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EU aid for refugees in Türkiye: not enough impact

Despite recent improvements, the EU’s multibillion-euro funding for refugees in Türkiye could have achieved greater value for money and shown more impact, according to a report by the European Court of Auditors. Although the €6 billion Facility for Refugees in Turkey has addressed the needs of refugees and their Turkish host communities, the funded projects are behind schedule, and it is uncertain whether they will be sustained once EU support runs out.

Türkiye’s geographical location makes it an important country for the reception and transit of Europe-bound refugees. Over the last decade, it has seen their numbers rising, which poses increasing challenges for social cohesion. The country currently hosts more than four million registered refugees, including more than 3.2 million of Syrian origin; fewer than 5 % live in camps. In 2015, the EU set up the Facility to channel and coordinate €6 billion of humanitarian and development aid to the country. The Commission has been managing the aid in the context of Türkiye’s economic downturn and deteriorating relations with the EU, also due to backsliding on the rule of law and fundamental rights.

In a challenging political context, the EU’s Facility for Refugees in Turkey provided relevant support for refugees and host communities”, said Bettina Jakobsen, the ECA Member who led the audit. “But there could be more value for money and more impact, and it is far from certain what will happen with the projects in Türkiye after EU aid runs dry.

Acting on recommendations the auditors had already made in 2018, the Commission improved the way the Facility works. To address past criticism, it significantly improved the projects that provide cash-assistance to refugees, leading to savings of about €65 million. In addition, it reduced administrative costs, meaning that more money could go to final recipients. However, the Commission failed to systematically assess whether project costs were reasonable, a failure which puts their efficiency at risk.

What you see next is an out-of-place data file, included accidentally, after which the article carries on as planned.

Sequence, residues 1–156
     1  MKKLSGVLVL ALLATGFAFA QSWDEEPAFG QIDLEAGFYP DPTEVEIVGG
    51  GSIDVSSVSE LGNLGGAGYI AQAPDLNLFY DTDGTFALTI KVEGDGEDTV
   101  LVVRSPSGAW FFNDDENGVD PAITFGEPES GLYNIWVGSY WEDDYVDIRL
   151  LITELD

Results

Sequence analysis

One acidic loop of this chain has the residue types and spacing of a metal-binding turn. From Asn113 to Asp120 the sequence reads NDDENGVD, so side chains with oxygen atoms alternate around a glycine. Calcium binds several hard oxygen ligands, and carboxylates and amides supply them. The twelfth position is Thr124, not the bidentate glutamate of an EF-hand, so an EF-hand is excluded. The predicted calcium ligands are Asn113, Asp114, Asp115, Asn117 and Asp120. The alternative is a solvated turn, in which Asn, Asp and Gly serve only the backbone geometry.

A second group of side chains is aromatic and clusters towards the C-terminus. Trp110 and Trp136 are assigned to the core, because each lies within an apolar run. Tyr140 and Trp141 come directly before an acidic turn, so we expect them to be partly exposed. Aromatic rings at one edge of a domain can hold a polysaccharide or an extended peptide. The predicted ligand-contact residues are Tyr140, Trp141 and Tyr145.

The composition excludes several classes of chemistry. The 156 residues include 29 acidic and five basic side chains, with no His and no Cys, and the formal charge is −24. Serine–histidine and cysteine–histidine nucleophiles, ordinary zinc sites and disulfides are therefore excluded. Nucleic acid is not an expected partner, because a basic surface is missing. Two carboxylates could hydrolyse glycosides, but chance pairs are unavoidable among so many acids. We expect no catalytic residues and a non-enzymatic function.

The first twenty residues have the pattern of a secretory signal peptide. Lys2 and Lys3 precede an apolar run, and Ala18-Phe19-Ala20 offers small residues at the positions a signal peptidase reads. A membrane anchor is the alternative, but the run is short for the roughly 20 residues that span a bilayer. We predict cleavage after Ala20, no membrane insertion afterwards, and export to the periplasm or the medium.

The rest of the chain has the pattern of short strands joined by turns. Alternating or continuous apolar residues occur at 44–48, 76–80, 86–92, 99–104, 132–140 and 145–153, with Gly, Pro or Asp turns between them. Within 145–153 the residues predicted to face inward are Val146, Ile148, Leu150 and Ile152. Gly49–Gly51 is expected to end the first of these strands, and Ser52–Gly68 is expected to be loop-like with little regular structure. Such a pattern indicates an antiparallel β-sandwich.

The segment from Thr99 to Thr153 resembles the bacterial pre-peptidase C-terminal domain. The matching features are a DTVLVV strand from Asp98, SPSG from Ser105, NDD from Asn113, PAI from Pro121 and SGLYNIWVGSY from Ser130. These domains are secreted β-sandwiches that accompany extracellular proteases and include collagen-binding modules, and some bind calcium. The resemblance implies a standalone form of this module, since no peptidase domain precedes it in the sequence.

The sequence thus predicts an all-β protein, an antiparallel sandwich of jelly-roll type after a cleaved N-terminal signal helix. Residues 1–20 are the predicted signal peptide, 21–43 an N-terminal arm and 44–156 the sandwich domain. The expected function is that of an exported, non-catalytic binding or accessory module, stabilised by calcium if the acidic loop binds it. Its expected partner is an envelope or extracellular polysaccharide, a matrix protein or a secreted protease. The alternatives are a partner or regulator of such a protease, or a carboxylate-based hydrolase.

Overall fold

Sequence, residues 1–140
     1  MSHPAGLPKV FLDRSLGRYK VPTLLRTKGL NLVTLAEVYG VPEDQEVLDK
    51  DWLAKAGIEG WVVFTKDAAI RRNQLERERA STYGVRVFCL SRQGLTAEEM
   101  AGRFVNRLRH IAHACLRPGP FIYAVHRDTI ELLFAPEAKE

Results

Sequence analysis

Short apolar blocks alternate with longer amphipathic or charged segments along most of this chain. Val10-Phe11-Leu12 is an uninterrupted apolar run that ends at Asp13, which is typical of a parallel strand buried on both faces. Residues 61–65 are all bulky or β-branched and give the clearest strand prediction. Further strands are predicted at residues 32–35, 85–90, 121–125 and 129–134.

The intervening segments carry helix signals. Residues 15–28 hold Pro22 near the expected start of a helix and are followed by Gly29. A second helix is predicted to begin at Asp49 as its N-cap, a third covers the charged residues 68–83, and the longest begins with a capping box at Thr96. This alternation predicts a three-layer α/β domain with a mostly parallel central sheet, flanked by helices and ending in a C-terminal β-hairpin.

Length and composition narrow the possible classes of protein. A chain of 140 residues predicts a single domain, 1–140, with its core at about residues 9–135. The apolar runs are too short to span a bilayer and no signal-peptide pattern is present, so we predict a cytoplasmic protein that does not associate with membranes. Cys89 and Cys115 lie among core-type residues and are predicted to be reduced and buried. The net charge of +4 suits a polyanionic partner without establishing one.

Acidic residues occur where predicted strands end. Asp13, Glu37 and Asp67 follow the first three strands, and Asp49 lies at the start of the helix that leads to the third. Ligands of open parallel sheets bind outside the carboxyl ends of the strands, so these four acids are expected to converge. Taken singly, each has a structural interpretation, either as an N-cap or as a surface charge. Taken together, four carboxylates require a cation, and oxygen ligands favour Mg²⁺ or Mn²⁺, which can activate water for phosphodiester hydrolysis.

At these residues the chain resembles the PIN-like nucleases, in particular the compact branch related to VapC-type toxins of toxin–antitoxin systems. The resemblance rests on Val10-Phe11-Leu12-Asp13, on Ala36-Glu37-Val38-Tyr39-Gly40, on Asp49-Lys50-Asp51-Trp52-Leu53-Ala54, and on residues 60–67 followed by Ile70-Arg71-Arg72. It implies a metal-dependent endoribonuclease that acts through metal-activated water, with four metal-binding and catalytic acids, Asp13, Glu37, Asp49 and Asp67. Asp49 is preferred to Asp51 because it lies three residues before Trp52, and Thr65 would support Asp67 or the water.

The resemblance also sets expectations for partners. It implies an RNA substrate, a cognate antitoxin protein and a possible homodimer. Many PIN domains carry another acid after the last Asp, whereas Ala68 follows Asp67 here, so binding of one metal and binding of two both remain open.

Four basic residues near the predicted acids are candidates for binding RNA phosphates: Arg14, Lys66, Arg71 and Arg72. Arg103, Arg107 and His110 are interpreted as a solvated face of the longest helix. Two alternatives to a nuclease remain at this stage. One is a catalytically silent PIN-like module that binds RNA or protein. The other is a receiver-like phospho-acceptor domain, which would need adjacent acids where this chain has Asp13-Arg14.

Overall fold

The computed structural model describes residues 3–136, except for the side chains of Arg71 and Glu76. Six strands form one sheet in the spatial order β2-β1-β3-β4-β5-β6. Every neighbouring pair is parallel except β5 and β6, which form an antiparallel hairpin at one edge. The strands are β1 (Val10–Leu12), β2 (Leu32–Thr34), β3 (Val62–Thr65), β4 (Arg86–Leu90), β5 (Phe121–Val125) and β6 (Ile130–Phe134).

Overall, EU aid ensured swift funding and significant investment to alleviate the pressure on health, education and municipal infrastructure caused by the high influx of refugees into the country, and to avoid tensions on the labour market. However, the development projects suffered major delays for different reasons, such as stricter construction rules, the COVID-19 pandemic, and rising inflation. The devastating 2023 earthquakes in the country had a significant impact on the projects, too, although the Commission’s response was swift.

The planned projects, such as job-training and business-assistance for refugees, were generally delivered. However, monitoring was insufficient, as it stopped short of measuring impact. For example, there was no follow-up regarding the refugees’ subsequent employment or business status. Similarly, new schools for refugees were built, but the auditors were unable to obtain sufficient data from the Turkish ministry to assess their impact on beneficiaries. 

The sustainability of EU interventions and Türkiye’s co-ownership are of paramount importance, so the Commission is working on handing over projects to the Turkish authorities. However, it has only managed to ensure the sustainability of infrastructure projects such as schools and hospitals, but not of socio-economic support (i.e. jobs), while its flagship education and health projects are not sure to continue without EU support. The EU executive also tried to improve the operating environment for international NGOs, but the national authorities’ lack of political will dampens the impact of its efforts.

EU aid channelled through the Facility for Refugees in Turkey is conditional on Türkiye’s adherence to the 2016 EU-Turkey statement. €6 billion – half from the EU budget and half from member states – was made available in two equal tranches in 2016-2017 and 2018-2019; over €5 billion has been disbursed in total. The EU also continues to support refugees in Türkiye by other means, for example the extra €3 billion from other EU budget instruments to pursue key Facility interventions (i.e. on top of the €6 billion). The auditors previously assessed the Facility’s humanitarian strand and called for better value for money – see special report 27/2018. In the follow-up audit, they focused on the Facility’s development strand.



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